The next year marked one of the toughest losses for the Tigers in some time. Listening on the radio made it worse as Kevin Butler ripped out Clemson fans' hearts with a 60-yard game-winning field goal. That was a difficult game, for sure, and the next year Georgia added a seven-point win to seemingly take back control of the series. But then David Treadwell came to the rescue, not once, but twice in two of the biggest Clemson wins ever.
The 1986 game in Athens was a back-and-forth game that, luckily, was televised, and it was worthy of that distinction. It was exciting throughout with big play after big play (who will ever forget Kenny Flowers streaking down the sideline early in that contest), but it looked like it was headed to another unsatisfying tie.
But a nice Terrence Flagler run got the Tigers going on their final drive, and a Rodney Williams keeper on an option run gave Tigers fans real hope. Still, the offense only reached the Bulldogs' 30, setting up Treadwell, who had missed his only field goal try of the day, for a long attempt.
He was pure on the kick, sending Clemson fans in the far end zone into a frenzy and setting off an unforgettable celebration on the field. Tigers fans of that era, for sure, can vividly remember Treadwell being picked up and kicking his legs and swinging his arms in elation, and I will never forget a young Terry Allen running out on the field jumping around the pile looking to get in on the celebration. It was a special kick, a special win and a special day for Clemson fans.
The next year, the setting was a little different. Clemson was favored to win, but it was never wise to doubt a Vince Dooley-coached team, and his Bulldogs had Clemson's fans nervous for most of that game. But that all changed with a late safety forced by James Lott and Gene Beasley that shook Death Valley and gave Clemson a chance to win the game with a field goal.
This time, Allen played a key role in the game-winning drive (who can forget Brent Musburger's description of Allen's huge third-down run – Allen steps away, Allen creates it, Allen for the corner – to get the Tigers in position for the win). But just as important was Williams' pitch under duress as he was being tackled in the backfield to get the ball to Allen.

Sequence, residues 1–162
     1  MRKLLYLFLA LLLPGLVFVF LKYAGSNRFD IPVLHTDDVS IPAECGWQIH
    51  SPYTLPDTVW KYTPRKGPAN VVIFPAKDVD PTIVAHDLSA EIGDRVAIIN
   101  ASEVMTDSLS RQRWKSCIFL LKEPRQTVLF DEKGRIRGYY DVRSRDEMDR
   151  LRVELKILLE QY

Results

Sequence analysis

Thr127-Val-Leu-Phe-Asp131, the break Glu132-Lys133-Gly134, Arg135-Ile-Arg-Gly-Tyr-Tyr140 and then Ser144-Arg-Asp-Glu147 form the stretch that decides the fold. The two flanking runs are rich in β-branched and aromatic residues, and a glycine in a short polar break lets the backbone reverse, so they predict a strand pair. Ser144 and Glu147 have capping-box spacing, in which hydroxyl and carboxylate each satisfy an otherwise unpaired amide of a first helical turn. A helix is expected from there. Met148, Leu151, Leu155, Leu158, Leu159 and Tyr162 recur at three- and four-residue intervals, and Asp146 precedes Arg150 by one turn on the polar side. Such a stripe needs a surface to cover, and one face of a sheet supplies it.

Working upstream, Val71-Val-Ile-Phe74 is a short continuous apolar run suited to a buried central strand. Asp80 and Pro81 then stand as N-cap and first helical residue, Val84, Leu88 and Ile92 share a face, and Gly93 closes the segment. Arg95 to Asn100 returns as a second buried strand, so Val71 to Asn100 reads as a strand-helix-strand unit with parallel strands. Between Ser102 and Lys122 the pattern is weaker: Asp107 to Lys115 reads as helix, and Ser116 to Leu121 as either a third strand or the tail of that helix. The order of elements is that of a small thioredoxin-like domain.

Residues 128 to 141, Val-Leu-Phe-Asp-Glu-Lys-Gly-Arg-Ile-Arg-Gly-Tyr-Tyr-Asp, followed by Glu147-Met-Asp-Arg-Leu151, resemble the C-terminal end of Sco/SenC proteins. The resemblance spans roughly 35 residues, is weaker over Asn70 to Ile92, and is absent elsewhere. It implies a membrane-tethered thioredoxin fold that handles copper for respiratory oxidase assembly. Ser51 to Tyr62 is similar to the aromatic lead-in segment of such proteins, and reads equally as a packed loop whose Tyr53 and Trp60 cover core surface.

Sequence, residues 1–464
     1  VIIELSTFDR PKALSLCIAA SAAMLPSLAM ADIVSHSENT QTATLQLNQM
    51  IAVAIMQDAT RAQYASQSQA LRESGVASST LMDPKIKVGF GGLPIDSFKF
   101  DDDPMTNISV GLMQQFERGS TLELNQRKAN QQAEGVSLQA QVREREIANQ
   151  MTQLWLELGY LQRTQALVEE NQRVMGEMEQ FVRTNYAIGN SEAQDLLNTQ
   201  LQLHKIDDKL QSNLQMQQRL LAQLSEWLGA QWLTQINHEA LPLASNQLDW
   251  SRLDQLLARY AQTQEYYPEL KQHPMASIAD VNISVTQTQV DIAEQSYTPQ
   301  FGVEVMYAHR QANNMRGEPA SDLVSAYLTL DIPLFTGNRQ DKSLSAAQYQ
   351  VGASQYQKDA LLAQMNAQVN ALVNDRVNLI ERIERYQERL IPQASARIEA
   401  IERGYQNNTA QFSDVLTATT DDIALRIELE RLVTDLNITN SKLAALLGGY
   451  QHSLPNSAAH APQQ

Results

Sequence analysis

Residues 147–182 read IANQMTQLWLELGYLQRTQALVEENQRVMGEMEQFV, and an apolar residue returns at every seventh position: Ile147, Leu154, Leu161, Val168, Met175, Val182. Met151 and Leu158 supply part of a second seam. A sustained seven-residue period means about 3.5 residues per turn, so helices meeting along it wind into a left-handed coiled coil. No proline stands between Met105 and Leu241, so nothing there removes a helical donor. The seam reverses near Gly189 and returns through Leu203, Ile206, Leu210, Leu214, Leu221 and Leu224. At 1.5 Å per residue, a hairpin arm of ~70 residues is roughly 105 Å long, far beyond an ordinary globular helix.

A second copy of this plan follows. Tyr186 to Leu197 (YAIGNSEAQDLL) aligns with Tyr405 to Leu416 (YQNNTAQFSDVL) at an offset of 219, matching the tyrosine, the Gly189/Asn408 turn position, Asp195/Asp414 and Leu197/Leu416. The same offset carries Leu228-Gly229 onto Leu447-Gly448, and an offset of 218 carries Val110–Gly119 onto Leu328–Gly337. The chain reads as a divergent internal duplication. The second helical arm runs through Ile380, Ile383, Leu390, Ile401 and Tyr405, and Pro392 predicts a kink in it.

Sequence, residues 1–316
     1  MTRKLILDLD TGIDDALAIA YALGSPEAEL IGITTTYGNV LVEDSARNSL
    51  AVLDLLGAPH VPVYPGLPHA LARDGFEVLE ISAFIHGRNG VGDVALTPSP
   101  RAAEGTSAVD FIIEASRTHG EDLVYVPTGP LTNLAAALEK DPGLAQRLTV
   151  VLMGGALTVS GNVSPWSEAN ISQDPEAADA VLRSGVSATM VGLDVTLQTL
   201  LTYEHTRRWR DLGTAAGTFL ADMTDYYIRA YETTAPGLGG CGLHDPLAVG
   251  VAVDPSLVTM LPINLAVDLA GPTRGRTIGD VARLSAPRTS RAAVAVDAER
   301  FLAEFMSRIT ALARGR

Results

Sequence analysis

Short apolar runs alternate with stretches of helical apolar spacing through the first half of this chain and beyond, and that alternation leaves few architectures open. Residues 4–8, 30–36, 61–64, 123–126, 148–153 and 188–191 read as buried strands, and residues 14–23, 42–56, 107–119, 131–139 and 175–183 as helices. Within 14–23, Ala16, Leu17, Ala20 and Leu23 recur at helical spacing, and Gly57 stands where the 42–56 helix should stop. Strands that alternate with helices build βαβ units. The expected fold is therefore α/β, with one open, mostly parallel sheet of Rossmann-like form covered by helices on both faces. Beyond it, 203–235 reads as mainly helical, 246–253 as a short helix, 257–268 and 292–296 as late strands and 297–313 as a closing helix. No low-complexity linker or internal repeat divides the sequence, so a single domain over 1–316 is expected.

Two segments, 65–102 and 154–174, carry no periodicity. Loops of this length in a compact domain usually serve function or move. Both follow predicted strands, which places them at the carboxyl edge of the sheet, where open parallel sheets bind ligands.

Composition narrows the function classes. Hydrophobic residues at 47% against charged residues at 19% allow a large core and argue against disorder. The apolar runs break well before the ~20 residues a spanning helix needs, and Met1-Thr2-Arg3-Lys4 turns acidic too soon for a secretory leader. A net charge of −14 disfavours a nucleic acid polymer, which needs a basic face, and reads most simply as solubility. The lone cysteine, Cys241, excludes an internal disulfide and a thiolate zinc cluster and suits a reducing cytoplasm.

Moments later, Treadwell came through again, this time from much closer range, to set off another celebration. But the look on Ford's face – of relief – said a lot about that game. Clemson had pulled one out and kept the wonderful run of games between two strong programs going. Think about it, 10 games decided by 38 total points (and only one by double digits) with three of them coming down to game-winning field goals. It was a dramatic run of games that might never be matched.
Sadly, the yearly meetings ended right there with Treadwell's boot into the West end zone stands. The two teams have met only six times since, and Georgia has won the past five, including a 30-0 win at Clemson in 2003.
But that doesn't change what this series means to fans on both sides. It's something to remember fondly, and there's a good chance Saturday's season opener will add to that legacy.
Daniel Shirley is the sports editor of The Telegraph in Macon, Ga., and co-host of The Morning Show on FoxSports 1670 AM. Follow him on Twitter at @DM_Shirley and read his blog at macon.com/peachsports.